Last week I shared some thoughts on appreciating musical languages developed beyond the European music theory standard, and how it can be inappropriate to judge musical modalities using the vocabulary and standards of your cultural (musical) heritage. This isn’t to say that viewing art through different lenses can’t bring about interesting discoveries of the artform, but rather using one standard to pass a value-judgement of the merits of an artform can be fraught with problems.
Thanks to YouTube’s algorithm, the recommended videos feed provided some great gems appreciating the original. Through a drum cover, I learned the original was in 7/4 time (whereas I thought it might have been alternating 2/4-2/8 measures; sounds like I missed a 1/8 beat).
And here was another drum cover with some artistic interpretations on the beat.
I was able to learn a bit more about Konnakkol, and how it builds increasing complexity to the music.
And here was a great beatbox cover that got a shoutout from the male performer in the original video, Somashekar Jois.
Finally, I found that Somashekar Jois has a YouTube channel where he teaches lessons in Konnakkol. I was a little nervous about posting this since one of his past videos was an artist’s endorsement for Prime Minister Modi of India, but I still felt it important to provide the link here to learn more about the artform. If possible, I’m trying to focus on the art, rather than the artist (or his whatever his politics happens to be).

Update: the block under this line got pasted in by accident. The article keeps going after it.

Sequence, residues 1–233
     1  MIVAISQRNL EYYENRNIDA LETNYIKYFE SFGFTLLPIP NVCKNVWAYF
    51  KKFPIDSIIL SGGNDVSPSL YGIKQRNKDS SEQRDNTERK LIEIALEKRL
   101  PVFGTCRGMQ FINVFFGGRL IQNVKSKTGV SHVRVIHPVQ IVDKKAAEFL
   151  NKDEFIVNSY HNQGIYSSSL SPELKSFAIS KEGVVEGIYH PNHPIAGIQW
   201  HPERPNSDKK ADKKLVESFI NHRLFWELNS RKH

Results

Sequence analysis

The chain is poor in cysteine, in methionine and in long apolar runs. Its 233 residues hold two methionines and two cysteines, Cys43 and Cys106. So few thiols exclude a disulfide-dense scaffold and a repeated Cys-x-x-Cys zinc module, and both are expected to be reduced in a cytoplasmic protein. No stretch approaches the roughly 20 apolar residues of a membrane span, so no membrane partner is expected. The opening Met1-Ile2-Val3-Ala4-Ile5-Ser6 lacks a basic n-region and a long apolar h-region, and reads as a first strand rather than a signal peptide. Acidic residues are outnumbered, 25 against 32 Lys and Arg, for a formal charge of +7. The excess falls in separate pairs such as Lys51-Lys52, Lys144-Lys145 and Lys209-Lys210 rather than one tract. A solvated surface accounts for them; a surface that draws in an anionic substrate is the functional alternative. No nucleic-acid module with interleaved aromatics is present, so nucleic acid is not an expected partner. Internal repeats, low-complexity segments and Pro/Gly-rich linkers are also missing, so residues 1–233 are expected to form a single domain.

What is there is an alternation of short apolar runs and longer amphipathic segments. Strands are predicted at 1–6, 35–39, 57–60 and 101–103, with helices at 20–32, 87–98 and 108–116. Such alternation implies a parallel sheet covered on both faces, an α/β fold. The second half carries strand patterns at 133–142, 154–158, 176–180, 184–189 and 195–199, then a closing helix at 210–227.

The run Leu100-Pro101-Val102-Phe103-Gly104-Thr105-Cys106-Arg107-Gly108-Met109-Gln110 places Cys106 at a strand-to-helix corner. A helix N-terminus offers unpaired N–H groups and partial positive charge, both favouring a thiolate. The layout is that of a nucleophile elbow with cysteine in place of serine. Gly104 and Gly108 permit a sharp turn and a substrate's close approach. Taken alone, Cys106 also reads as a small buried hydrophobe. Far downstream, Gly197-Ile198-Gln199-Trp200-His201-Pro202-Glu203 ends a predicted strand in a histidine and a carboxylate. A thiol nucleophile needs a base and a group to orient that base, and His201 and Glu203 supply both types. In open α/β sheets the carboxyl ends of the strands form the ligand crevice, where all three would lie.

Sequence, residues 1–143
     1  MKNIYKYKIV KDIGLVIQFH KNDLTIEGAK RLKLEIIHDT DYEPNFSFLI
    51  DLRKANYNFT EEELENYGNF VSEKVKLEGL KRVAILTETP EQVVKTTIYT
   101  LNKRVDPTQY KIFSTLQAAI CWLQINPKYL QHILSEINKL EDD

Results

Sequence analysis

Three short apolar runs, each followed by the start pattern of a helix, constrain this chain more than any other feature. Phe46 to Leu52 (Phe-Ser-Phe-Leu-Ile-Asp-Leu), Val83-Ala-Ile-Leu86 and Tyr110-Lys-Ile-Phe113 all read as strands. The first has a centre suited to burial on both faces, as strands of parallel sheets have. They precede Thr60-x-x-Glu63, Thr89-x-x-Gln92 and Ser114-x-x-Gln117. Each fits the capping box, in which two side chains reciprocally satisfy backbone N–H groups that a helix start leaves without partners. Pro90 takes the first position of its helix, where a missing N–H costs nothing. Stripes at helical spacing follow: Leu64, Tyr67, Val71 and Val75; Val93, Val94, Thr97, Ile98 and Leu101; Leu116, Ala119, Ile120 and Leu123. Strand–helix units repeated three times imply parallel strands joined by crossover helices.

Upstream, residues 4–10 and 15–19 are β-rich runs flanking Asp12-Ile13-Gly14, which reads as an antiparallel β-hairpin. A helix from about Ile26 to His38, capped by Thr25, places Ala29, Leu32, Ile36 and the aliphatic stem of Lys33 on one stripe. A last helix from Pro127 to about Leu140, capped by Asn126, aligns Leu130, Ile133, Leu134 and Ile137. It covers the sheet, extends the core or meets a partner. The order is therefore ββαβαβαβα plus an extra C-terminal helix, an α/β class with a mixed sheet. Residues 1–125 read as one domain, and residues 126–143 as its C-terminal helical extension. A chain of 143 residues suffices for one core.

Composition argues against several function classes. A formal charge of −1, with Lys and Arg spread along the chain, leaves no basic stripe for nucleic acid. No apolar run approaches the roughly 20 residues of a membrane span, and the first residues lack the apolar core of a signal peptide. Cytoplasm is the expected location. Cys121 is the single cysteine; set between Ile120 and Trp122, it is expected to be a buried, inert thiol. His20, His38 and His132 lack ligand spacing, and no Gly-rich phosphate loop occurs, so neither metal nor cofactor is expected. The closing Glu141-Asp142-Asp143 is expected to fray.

Oh, and a recent video from Adam Neely again touched on the problems with passing judgement on musical performance when you don’t critically engage with the sources of your musical taste. At best, you are falsely applying a single standard as a universal judge of taste, and at worst you are using music theory to justify sexist bullying of people just trying to have fun creating.